The human side of web3 games is as important as the in-game economies | Opinion

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What drives gamers to collect coins, snipe aliens, or climb the walls of ancient tombs until the early morning hours? Gamers often find themselves booting up their consoles to escape their everyday lives temporarily. 

While gaming presents an opportunity to pause daily responsibilities, great features and immersive gameplay are not always enough to drive the entire experience. You need to give players a reason to come back.

As web3 gaming picks up momentum, building a solid community has become fundamental to a game’s success and longevity. While many traditional games have dedicated communities and subcultures, web3 games have taken a new approach to uniting individuals with shared interests.

Gaming users across chains | Source: Footprint Analytics

These web3 gaming communities transcend conventional gaming fan clubs by serving as spaces where innovation, community, and inventive monetization strategies are born. Their influence spans beyond gameplay, impacting fundamental aspects like game development.

The truth is, given web3’s financial tilt, it can be challenging to avoid attracting individuals motivated by monetary gain. However, implementing strategies prioritizing long-term community building reduces the presence of users who play only to earn another dollar.

Web3 gamers want to know who they are getting involved with, especially when real money is on the line. This has prompted developers to be more open and transparent online—sharing information about their team, providing regular product updates, and maintaining lines of communication for community questions to keep players informed, involved, and acquainted with one another. Of course, social platforms like Discord, X (former Twitter), and Reddit have been instrumental here, as their direct forum-style communication encourages fanbases to interact with the developers and each other.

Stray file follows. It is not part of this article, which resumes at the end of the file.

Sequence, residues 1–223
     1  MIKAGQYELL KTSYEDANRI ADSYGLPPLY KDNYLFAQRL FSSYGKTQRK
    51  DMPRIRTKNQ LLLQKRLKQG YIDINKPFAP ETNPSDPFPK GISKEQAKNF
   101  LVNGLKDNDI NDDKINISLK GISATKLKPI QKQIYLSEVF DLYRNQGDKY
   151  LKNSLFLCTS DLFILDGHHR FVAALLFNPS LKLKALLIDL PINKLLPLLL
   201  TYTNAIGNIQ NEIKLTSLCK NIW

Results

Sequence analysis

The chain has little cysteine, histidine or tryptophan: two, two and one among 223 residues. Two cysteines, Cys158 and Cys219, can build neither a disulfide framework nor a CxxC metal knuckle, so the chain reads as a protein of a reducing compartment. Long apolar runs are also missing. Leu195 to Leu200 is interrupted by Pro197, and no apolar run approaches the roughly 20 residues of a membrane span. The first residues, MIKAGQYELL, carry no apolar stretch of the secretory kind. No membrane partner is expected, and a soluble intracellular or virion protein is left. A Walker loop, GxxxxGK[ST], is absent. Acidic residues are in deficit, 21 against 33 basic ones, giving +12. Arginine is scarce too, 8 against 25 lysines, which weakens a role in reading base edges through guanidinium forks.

But, just as in any relationship, communities require care and nurturing. A consistent and ongoing effort is essential to maintain the community’s vibrant nature and retain members. This is especially true when tokenomics are involved, as players interact very differently when they have a tangible stake in the game. Although it seems counterintuitive, tokenomics can be used to onboard new players without gouging them for money.

Shadow War, for example, focuses on elevating its gaming experience by giving players a direct voice in the game’s development. Aiming to build a solid community of traditional gamers and web3 enthusiasts, Shadow War has committed to perfecting its product through various rounds of playtests supported by its growing community. For its first trial phase, the game reached over 10,000 signups through announcements on social platforms.

The game exemplifies its dedication by creating community quest programs called Shadownet and Shadownet 2.0. These platforms allow players to unlock in-game perks and features through social engagement while also rewarding community members and creating unique and fun content around the game. Patriots Division, the developers behind Shadow War, created Shadownet 2.0 as a direct result of community feedback, working to refine current features and add new ones before the game goes live. 

If web3 games want to continue thriving with the same passionate communities that lead traditional games garner, they must transform how players engage with their products. No one expects a web3 game to be perfect from day one, but building a solid community that can help influence the experience to improve it is critical. Otherwise, innovative web3 games are destined for the bargain bin of digital gaming.

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